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Secularization forces change in language of evangelismcomment (0)

February 5, 2009

By Martine G. Bates

According to Canadian writer and speaker Connie Cavanaugh, sharing the gospel seems easier in the United States than in her native Canada. “When I travel in the U.S., the vocabulary of Christianity is much more prevalent,” she observed.

Cavanaugh’s observation is supported by the Canadian census. A census taken in 2001 addressed issues of religion, revealing that the religious landscape of the nation is growing increasingly secular. Before 1971, less than 1 percent of the population reported no religious affiliation. By 2001, that number had risen to over 16 percent.

Western Canadians reported even higher numbers with no affiliation: 35 percent of British Columbians reported no religion, while Alberta had 23 percent; Manitoba reported 21 percent and Saskatchewan had 19 percent.

A related statistic from Statistic Canada’s General Social Survey reported that actual church attendance is much lower than reported affiliation. According to data from the survey, “attendance at religious services has fallen dramatically across the country over the past fifteen years.” In 1985, 22 percent of adults reported never attending church; in 2005, the number rose to 30 percent. This cultural change has an impact on the way Christianity is introduced to people. Cavanaugh, who is from Cochrane, Alberta, in western Canada, is the wife of National Ministry Leader Gerry Taillon. Cavanaugh pointed out, “I would never use words like ‘saved’ or ‘Lord’ to a stranger in an airport [in Canada].”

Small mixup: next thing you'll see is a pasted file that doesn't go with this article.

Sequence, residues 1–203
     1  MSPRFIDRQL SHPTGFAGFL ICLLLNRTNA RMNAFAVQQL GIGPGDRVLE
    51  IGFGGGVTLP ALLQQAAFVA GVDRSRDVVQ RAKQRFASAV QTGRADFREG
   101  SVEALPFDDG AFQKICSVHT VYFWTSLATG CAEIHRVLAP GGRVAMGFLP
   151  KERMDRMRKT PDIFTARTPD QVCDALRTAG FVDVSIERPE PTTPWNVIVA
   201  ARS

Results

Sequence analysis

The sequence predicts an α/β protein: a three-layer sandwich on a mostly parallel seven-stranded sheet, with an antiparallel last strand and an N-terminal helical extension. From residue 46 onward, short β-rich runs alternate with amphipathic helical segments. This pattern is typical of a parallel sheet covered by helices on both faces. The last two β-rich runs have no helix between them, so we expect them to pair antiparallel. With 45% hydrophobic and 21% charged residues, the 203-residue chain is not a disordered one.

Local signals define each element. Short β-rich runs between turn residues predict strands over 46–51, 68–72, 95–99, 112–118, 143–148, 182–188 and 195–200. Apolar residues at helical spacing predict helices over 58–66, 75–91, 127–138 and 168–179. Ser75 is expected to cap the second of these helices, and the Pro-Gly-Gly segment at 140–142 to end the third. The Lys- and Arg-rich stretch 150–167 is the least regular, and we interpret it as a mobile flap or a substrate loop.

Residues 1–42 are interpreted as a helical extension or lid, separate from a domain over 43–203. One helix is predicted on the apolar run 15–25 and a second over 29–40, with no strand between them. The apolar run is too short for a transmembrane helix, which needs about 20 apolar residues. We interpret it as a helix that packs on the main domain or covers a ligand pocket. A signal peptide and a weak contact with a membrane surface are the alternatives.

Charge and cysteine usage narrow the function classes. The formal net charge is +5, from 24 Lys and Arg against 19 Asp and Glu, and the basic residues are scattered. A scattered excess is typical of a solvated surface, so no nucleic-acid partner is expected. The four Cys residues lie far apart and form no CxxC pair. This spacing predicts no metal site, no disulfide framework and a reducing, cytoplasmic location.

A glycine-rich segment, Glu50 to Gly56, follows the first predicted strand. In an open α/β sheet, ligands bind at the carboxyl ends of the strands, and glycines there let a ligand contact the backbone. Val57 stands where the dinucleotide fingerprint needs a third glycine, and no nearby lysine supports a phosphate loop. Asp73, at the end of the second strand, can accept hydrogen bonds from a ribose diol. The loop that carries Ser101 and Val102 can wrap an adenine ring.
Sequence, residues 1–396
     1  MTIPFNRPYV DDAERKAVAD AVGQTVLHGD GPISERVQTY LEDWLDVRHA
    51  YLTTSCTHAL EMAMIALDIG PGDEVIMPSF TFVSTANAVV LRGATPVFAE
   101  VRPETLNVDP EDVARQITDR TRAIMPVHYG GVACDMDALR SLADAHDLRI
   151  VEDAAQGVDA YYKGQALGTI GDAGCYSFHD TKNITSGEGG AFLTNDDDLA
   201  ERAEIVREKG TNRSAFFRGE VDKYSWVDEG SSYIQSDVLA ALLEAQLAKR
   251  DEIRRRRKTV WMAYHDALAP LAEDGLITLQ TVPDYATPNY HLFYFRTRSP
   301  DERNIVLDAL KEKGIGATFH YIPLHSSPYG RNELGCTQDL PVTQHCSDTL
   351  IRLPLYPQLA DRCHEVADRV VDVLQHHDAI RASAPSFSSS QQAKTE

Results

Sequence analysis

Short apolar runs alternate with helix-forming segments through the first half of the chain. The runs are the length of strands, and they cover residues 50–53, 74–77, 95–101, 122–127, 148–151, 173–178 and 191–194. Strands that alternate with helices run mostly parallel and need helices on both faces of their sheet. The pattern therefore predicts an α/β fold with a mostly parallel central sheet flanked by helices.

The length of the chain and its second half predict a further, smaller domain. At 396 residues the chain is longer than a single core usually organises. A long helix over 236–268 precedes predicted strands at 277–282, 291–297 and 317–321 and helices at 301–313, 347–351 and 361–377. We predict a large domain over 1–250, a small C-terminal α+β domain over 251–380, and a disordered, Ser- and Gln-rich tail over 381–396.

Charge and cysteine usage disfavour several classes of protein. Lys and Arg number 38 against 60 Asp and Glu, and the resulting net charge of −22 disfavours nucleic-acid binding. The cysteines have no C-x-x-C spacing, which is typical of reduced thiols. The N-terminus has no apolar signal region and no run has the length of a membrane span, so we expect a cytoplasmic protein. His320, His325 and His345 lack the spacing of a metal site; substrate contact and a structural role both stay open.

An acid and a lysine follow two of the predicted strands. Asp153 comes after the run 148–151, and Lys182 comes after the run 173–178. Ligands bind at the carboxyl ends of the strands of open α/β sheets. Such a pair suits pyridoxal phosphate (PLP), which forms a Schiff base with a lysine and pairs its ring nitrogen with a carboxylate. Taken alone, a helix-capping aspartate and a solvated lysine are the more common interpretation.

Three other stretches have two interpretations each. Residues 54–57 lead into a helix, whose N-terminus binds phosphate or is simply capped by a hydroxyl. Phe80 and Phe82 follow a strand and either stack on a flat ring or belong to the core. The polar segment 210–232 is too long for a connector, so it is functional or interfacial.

Cavanaugh said that people in the United States, on the other hand, are more accustomed to words “that we only use in church in Canada.”

“Americans are more open about sharing the gospel,” she said.

In increasingly secular Canada, Cavanaugh noted, “A born-again politician would try very hard to keep that out of the public eye because it would be a hindrance to getting elected and a flashpoint for criticism on virtually everything he does or doesn’t do.”

Hard work by Canadian Baptists and their partners is paying off, however. Among the largest Protestant denominations, all are down — except Baptists, the only one of the large denominations showing an increase over the 1991 census. The largest Protestant loss was among Presbyterians, with a drop of 36 percent.

In contrast to the other Protestant denominations, Baptist numbers were up nationwide by 10 percent. All four of the western Canadian provinces reported gains in Baptist numbers, ranging from 8.5 percent in Saskatchewan to an astounding 28 percent in British Columbia.

Cavanaugh said, “Because we are growing so rapidly and planting so many churches, we are constantly in need of leadership. Our most desperate need is for godly leaders for existing churches and new church plants.”

Cavanaugh, who wrote the “A Slice of Life” column for HomeLife magazine for five years, is also the author of “From Faking it to Finding Grace,” available through Harvest House Publishers. Her Web site is at www.conniecavanaugh.com.

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